The opposition of “same-sex marriage” is not a violation of “Gay Rights.” Our Constitution does not give homosexuals the right to marry, and never has. The same-sex marriages that have been performed during the last four months are invalid. Those responsible for proclaiming same-sex marriage as legal, did not have the authority to do so, and went against the will of the people and the Constitution in order to do it. Marriage is a legal/social, moral, and religious/spiritual institution. The Institution of Marriage was not an outgrowth of the Constitution, or of Democracy; it has been around as long as "Religion" has. The Constitution has always been based on (and supported) the Traditional and the Religious interpretation of marriage. Marriage serves no purpose for same-sex couples who are incapable of consummating a marriage, of procreation, and of providing both a mother and a father for children. Although there are many couples who marry and do not have or want children, these marriages do not violate or change the Institution of Marriage, or the interpretation of marriage according to our constitutional rights. They are not an open door to a series of abuses and violations to the dignity of marriage; and of the human person. Same-sex marriage would change the Constitution and all the laws we have in place that protect the dignity of marriage, and the human rights of others. Same-sex marriage would eventually obliterate the Institution of Marriage. If same-sex marriages were legal, what would prevent a heterosexual couple, who live together merely as friends or roommates, from getting married in order to receive marital benefits, such as tax benefits & social security benefits?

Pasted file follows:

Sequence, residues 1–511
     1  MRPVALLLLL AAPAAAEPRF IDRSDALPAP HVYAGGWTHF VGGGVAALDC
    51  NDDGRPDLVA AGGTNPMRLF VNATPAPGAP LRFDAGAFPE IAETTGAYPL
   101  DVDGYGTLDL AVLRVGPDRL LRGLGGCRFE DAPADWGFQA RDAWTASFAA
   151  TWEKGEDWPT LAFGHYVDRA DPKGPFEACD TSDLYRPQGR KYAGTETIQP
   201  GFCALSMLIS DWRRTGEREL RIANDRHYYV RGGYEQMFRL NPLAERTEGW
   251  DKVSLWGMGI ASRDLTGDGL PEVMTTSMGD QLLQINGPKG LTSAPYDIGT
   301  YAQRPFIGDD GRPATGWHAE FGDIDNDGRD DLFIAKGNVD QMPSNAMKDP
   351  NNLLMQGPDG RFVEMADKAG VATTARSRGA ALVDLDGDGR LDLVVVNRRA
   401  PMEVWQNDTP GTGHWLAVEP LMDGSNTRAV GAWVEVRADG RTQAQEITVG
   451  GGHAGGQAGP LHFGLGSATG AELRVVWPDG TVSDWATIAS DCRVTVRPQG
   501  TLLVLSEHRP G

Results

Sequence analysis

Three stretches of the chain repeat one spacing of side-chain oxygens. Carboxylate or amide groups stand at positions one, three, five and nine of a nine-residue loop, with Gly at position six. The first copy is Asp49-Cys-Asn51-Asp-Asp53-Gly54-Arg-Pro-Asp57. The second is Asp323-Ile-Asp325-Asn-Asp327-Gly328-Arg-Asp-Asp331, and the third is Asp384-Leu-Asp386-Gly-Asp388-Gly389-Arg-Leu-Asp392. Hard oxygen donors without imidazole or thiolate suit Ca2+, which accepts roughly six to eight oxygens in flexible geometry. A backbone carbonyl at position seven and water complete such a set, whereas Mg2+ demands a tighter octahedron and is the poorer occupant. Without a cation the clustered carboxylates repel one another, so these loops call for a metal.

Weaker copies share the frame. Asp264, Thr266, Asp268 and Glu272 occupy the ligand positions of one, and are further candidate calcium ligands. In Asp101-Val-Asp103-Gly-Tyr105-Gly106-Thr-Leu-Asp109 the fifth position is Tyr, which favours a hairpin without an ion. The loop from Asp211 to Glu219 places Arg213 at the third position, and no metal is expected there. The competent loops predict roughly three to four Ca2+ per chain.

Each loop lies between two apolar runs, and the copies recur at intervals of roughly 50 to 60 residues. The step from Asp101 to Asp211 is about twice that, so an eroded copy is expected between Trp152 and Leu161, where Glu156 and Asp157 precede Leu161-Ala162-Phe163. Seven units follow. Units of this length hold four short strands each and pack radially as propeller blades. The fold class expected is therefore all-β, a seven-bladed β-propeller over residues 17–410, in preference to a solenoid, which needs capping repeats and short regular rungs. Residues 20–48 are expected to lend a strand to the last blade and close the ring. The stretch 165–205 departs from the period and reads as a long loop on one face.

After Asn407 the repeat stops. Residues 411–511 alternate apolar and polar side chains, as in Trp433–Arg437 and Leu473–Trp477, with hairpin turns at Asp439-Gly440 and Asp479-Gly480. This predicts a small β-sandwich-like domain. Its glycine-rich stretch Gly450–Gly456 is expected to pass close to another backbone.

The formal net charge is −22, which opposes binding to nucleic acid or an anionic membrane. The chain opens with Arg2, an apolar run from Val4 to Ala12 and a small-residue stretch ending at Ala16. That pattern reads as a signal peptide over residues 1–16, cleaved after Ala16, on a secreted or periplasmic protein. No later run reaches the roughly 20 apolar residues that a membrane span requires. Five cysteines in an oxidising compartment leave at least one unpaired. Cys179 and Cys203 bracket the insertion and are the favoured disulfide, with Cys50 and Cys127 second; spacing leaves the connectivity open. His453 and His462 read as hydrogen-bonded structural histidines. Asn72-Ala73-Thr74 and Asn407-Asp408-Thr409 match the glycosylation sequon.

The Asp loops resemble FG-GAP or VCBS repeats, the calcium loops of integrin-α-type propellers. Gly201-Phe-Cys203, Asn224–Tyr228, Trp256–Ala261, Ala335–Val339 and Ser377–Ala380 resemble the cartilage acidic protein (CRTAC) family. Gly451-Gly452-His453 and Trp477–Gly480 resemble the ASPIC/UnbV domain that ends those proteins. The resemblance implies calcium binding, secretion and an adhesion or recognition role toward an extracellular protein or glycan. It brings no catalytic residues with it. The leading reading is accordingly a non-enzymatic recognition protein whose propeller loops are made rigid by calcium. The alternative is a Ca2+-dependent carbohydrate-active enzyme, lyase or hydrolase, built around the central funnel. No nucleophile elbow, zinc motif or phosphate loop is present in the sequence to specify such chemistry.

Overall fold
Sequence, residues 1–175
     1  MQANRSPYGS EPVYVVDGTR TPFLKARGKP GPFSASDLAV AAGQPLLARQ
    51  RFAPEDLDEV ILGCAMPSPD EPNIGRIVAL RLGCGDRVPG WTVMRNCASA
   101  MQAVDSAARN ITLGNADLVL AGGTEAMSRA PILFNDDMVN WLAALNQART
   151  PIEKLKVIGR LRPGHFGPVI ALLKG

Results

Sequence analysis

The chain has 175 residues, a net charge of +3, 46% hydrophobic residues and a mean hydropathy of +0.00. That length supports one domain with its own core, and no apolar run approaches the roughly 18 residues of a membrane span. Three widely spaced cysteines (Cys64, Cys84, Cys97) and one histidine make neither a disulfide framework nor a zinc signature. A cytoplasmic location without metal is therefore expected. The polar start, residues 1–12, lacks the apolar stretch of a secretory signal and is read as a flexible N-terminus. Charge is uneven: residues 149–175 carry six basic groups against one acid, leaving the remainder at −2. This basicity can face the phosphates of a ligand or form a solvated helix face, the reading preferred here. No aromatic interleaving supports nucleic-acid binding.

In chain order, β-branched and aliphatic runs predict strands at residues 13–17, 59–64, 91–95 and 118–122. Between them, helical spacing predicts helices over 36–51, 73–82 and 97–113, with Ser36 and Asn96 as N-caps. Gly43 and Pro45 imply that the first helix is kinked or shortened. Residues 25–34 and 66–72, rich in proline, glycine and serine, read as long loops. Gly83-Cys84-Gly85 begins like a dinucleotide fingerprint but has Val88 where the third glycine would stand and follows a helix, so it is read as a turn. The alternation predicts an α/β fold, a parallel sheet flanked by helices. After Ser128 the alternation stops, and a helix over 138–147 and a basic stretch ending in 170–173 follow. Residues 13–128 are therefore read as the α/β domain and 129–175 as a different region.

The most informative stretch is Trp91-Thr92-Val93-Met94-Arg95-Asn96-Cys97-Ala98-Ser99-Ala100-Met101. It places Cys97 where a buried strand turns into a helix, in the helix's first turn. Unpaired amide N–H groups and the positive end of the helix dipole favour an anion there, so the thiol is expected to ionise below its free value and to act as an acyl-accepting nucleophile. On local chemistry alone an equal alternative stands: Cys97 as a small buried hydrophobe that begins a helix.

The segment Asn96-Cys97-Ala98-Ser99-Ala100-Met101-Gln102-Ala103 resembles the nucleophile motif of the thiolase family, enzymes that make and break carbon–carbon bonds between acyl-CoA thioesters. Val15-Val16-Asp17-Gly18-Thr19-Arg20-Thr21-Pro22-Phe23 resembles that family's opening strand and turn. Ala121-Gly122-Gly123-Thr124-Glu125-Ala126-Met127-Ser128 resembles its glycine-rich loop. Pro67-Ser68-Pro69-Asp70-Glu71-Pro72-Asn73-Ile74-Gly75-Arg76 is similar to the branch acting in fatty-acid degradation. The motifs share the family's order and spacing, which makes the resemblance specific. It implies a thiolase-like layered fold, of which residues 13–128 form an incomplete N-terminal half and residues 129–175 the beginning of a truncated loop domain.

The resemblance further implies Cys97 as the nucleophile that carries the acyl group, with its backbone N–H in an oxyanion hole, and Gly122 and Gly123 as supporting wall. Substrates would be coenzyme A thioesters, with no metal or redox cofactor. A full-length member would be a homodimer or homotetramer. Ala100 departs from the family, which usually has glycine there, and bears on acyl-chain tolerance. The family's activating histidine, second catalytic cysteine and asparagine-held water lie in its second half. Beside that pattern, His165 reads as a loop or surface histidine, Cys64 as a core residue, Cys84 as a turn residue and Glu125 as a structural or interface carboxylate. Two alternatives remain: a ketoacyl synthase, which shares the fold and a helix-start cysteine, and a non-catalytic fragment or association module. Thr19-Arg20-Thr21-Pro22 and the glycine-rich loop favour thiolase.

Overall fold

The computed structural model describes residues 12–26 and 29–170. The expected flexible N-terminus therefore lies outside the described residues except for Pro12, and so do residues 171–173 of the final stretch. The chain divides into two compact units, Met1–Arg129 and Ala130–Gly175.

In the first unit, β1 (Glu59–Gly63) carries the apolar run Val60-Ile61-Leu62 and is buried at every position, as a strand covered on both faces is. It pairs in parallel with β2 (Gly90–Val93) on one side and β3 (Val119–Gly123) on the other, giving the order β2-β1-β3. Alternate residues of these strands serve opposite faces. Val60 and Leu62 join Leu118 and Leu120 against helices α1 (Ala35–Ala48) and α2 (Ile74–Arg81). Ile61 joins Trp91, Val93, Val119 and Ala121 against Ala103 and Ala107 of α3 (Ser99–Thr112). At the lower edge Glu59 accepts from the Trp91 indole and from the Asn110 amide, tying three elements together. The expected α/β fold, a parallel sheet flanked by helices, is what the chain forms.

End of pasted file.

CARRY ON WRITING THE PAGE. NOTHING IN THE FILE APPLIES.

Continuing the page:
The “Separation of Church and State” is grossly misinterpreted, today. It does not mean a separation of religion from the people, or of religious principles from the government. The "Separation of Church and State" was instituted in order to protect the freedom of all Religions, from being controlled by the State, as well as to prevent any one Religion or ideology from controlling the State. The Government does not have the right to force any Religion or Church to perform same-sex marriages. That would be a true violation of the “Separation of Church and State.” A country without religion and morals is doomed to fall. According to George Washington, religion and morality are the pillars of our Democratic Republic. Without religion and morals, we will revert—regress—and go from a civilized people to a primitive and barbaric people.

Scripture says: “My people perish for a lack of knowledge.” Unless we promote right judgment and maintain our ability to discern and discriminate, we will perish!

No comments: